TAROGE-M: Radio Antenna Array on Antarctic High Mountain for Detecting Near-Horizontal Ultra-High Energy Air Showers
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TAROGE-M: Radio Antenna Array on Antarctic High Mountain for Detecting Near-Horizontal Ultra-High Energy Air Showers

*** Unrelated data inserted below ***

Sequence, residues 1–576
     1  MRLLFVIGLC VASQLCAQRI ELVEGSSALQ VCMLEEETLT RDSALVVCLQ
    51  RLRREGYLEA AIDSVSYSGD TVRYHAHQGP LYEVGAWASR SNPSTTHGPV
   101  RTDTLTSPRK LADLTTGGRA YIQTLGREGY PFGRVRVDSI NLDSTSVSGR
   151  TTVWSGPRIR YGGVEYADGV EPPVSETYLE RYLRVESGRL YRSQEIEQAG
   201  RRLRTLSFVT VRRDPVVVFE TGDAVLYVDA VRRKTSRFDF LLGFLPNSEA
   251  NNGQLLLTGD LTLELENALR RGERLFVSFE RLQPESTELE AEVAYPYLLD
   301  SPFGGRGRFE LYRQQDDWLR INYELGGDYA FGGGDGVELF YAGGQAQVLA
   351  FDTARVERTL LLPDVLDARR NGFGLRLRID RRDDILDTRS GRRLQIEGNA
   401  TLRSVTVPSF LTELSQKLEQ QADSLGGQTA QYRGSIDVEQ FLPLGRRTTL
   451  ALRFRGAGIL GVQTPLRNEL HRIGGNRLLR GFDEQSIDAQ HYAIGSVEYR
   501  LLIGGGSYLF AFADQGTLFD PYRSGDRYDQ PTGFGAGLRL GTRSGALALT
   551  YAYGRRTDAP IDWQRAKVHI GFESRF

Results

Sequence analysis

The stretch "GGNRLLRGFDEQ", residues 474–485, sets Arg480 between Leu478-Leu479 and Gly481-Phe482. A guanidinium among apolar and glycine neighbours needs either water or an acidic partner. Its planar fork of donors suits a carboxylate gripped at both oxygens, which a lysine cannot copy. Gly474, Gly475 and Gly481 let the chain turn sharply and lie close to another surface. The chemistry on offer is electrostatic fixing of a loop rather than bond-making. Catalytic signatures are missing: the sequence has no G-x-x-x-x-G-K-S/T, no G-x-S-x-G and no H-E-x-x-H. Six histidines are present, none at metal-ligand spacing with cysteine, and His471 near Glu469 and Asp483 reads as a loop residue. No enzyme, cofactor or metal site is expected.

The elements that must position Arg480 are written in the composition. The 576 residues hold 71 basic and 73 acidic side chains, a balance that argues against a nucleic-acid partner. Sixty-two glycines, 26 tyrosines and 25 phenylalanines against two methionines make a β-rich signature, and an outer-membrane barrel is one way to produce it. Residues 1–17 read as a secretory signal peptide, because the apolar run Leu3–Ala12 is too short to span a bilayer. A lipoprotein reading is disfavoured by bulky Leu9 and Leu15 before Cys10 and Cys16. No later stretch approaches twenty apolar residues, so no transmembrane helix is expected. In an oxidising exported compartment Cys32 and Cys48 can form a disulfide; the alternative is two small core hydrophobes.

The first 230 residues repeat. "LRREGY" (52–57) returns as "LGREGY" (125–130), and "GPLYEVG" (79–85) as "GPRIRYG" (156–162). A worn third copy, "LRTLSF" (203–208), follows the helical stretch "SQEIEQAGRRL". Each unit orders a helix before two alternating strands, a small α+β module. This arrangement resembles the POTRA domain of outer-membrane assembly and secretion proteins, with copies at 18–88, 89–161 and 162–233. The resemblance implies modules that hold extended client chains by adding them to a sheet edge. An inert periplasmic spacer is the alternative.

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TAROGE-M is a self-triggered radio antenna array atop the 2700 m high Mt. Melbourne in Antarctica, designed to detect impulsive geomagnetic emission from extensive air showers induced by ultra-high energy (UHE) particles beyond 0.1 EeV, including cosmic rays (CRs), Earth-skimming tau neutrinos, and particularly, the "ANITA anomalous events" (AAEs) from near and below the horizon, which origin remains uncertain and requires more experimental inputs for clarification. The detection concept of TAROGE-M takes advantage of a high altitude with synoptic view toward the horizon as an efficient signal collector, and the radio quietness as well as strong and near vertical geomagnetic field in Antarctica. This approach has a low energy threshold, high duty cycle, and is easy to extend for quickly enlarging statistics. Here we report experimental results from the first TAROGE-M station deployed in 2020, corresponding to $25.3$-days of livetime. The station consists of six receiving antennas operating at 180-450 MHz, and can reconstruct source directions with $\sim0.3^\circ$ angular resolution. To demonstrate its ability to detect UHE air showers, a search for CR signals in the data was conducted, resulting in seven identified events. These events have a mean reconstructed energy of $0.95_{-0.31}^{+0.46}$ EeV and zenith angles between $25^\circ-82^\circ$, with both distributions agreeing with simulations. The estimated CR flux is also consistent with results of other experiments. The TAROGE-M sensitivity to AAEs is approximated by the tau neutrino exposure with simulations, suggesting comparable sensitivity as ANITA's at $~1$ EeV energy with a few station-years of operation. These first results verified the station design and performance in a polar and high-altitude environment, and are promising for further discovery of tau neutrinos and AAEs after an extension in the near future.

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